In contrast to the other major films of the time (think Clueless, Ten Things I Hate About You, American Pie etc.), The Craft was particularly unique in that it portrayed a more diverse array of issues facing contemporary teenage girls. In a Huffington Post article reflecting on the 20-year anniversary of The Craft, Rachel True commented extensively on her experience working on this film. She noted, originally Rochelle was written as white and bulimic and it was only after True auditioned for the role that the character was rewritten as a black, middle-class teenager facing racially charged bullying. While discussing this change, True noted, “I think that having the racial component in that movie added a really great layer that just wasn’t there in most teen movies. A lot of times, the roles I played, I literally say the words ‘Are you OK?’ So this time I got to play a character who actually had something going on.” In a 2020 interview with Shannon Miller for AV Club, True went on to say “Sometimes I think that even my costars don’t understand what that role at that time represented for Black women and girls …It wasn’t about me so much as what it represented to other girls at that moment.”
However, the representation of Rochelle was not without its problems. True recalled, “When we did the read-through, I had a scene with my upper middle class, stodgy parents. We shot it, but it ended up being cut from the film, which I was a little bummed about because I was like, ‘Wait, all the other girls get parents. I don’t get parents?’ And this was 20 years ago, so then I said, ‘Listen, you’re black and you’re in the movie. That’s pretty good already.’” As is discussed by BreAnna Bell in her article “How Hollywood Has Failed Black Witches, According to Real Black Witches,” this is a frequent problem when witches are played by black women. More often than not, these witches are side characters, who are relegated to the position of the friend or sidekick. While Rochelle was one of the main characters, she was also given the least backstory of these four teen witches.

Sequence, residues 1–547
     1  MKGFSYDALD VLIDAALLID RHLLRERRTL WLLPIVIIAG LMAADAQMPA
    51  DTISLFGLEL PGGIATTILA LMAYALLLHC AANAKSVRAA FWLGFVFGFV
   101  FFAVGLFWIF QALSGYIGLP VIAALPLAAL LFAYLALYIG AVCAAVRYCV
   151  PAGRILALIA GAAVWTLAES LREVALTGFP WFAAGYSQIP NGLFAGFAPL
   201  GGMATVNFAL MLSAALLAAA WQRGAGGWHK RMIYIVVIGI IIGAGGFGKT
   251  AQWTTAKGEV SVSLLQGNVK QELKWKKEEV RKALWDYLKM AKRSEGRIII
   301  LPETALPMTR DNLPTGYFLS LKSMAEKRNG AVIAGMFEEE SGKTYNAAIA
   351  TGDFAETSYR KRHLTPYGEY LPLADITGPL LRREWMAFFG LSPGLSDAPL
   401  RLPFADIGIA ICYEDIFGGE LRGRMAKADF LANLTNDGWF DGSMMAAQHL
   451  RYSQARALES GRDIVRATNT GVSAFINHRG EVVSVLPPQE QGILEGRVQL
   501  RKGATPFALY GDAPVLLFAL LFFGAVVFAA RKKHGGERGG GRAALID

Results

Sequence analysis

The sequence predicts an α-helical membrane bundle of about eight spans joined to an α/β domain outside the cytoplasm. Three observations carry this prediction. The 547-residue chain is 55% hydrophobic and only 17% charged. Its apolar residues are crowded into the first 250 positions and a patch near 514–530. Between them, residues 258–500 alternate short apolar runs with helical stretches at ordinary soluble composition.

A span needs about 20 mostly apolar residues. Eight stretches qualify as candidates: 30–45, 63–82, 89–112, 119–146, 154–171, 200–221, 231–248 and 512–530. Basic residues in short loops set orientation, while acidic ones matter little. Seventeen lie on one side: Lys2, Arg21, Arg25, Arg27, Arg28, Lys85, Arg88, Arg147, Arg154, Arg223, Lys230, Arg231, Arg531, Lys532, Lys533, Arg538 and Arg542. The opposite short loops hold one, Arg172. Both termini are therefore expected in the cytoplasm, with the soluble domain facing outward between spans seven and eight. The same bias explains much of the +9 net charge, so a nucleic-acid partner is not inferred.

Furthermore, True experienced overt discriminatory treatment in the marketing and promotional activity after the film’s premier. In the Huffington Post article, True remembered when the film was released, “There was a publicity junket that they were only going to take the other three girls to. At the time, 20 years ago, I was like, ‘Oh, it’s me, it’s me, it must be me.’ And now I realize it wasn’t me — it was marketing. They didn’t really think it was going to get a black audience is my guess.” She went on to say, “I did eventually get added to that junket because one of the other actresses said, ‘You should really bring her.’” As Shannon Miller notes, in 2019 Rachel True came forward on social media to discuss her treatment after the film premiered. True stated, “I speak up for this because when I was growing up, there were these textbooks where you’d see a picture of a woman and it would just say, ‘woman’ or ‘dancing slave… At some point these women had names. I wouldn’t have spoken out like that if I was younger but now that I’m older, I see it happening to the younger generation of kids as well. And so I’m going to speak up for myself and them.”
You can read the interview and article written by the Huffington post here: https://www.huffpost.com/entry/the-craft-oral-history_n_5734f7c9e4b060aa7819d362